Every once in a while you read a verse that obviously cannot mean what it says. Whether you are working with a formal or a functional equivalent translation, both are going to just translate the words and leave the exegesis up to the reader (and the commentaries). But if you are reading a natural language translation like the NLT, they will often try to help the reader. A couple examples.
John writes a short letter, and at the end says, “Though I have much to write to you, I would rather not use paper and ink” (2 John 12, ESV, see most translations). Do you see the problem here? He has just used “paper and ink” for eleven verses. Contextually, we understand that what he means, even though it is not what he says, is that he has more to say but he wants to say it in person. So the NLT adds, “I have much more to say to you, but I don’t want to do it with paper and ink.” The TEV reads, “I have so much to tell you, but I would rather not do it with paper and ink.” The NJB has a clever way to say this as well; “There are several things I have to tell you, but I have thought it best not to trust them to paper and ink.”
In Jesus’ tirade against the religious leaders, he attacks their arrogance, specifically, their desire for titles that separate them from the regular folk (23:5-6). He says that they are not to be called “Father” (πατέρα), “for you have but one Father, and he is in heaven” (23:9). Obviously, Jesus doesn’t mean what it says. I call my dad “Dad” or “Father,” I don’t know anyone who would fault me for that. What he actually means is spelled out in the last two verses. “The greatest among you will be your servant. And whoever will exalt himself will be humbled, and whoever will humble himself will be exalted” (Matt. 23:11–12).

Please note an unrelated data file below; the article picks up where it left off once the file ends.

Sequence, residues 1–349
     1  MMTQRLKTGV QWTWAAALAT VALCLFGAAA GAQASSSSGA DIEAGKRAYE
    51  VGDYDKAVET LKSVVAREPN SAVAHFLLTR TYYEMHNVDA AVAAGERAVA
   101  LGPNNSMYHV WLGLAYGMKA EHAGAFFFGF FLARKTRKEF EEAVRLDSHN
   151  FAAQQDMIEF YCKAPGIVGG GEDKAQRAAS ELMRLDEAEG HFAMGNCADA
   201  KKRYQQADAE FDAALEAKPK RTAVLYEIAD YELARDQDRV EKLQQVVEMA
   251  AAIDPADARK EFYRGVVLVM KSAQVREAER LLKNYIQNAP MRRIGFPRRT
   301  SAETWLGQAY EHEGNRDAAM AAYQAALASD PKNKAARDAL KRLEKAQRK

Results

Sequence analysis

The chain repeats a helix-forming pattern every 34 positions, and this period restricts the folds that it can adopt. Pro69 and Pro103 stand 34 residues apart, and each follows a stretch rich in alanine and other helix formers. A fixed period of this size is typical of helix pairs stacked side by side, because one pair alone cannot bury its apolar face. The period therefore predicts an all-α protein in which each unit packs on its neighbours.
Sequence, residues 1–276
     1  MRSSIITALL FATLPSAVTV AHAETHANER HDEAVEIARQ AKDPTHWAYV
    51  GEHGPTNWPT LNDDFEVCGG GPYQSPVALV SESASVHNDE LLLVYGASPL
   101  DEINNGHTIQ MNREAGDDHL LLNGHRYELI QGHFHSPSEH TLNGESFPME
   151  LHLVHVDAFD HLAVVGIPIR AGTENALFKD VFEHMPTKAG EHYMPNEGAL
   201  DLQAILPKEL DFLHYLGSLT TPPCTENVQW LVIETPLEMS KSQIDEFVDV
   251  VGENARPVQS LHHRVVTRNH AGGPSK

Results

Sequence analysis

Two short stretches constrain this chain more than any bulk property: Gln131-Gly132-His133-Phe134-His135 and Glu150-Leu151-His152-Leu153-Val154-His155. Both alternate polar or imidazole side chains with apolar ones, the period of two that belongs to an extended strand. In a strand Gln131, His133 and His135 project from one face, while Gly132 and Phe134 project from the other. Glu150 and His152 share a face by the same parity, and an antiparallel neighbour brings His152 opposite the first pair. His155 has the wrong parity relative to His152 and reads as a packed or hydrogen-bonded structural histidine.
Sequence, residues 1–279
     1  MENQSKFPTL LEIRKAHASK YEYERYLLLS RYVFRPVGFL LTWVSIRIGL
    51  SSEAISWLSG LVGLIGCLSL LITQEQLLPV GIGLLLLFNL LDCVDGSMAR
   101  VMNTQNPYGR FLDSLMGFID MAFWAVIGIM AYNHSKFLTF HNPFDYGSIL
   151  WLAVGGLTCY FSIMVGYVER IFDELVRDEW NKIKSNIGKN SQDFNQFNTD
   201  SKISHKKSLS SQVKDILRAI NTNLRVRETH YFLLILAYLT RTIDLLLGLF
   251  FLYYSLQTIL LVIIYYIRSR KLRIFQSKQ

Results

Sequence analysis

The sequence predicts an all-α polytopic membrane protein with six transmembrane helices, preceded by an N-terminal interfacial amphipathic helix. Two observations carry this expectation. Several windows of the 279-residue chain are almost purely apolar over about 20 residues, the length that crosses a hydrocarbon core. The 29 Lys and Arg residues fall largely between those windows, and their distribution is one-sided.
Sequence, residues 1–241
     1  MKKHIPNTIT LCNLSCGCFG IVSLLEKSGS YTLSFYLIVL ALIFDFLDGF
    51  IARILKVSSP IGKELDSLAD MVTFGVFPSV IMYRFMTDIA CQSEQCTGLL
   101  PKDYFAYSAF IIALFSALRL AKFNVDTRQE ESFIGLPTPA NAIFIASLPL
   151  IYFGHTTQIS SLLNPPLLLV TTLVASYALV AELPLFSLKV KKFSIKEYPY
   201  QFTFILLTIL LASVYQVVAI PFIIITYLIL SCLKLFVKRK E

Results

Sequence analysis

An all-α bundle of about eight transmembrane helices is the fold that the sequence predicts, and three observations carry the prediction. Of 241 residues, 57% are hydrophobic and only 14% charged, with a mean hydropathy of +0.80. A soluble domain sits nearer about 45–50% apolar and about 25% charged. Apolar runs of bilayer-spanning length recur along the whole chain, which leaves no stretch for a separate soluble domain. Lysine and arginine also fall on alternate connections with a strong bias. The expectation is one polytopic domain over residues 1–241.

V 9 obviously does not mean what it says; it is Jesus’ typical way of expressing truth by overstating it to drive the point home. The real issue is pride and arrogance, the desire to set yourself above others. But there is no way to translate that without moving across the line into commentary.
I listen to people speak all the time, including myself. I enjoy finding English examples of grammar where the words do not mean what we want to communicate, and yet the meaning is perfectly clear. Being from Minnesota, I often end a sentence in a preposition, but the lack of an object for the preposition does not hide its meaning. “Do you want to go with?” Context makes it clear that the object is something like “me” or “them.”
My favorite, however, is the use of the superlative for the comparative. I never grow tired of objecting to sports announcers when they say something like, “That’s the best catch I have ever seen.” Really? Why do you say it repeatedly throughout the season? Is each one really better than the last, or better than any catch last season? Of course not. It is just the undisciplined misuse of grammar to create excitement.
Words contain meaning, but sometimes the meaning is only seen in the larger context, a context that often a translation cannot deal with.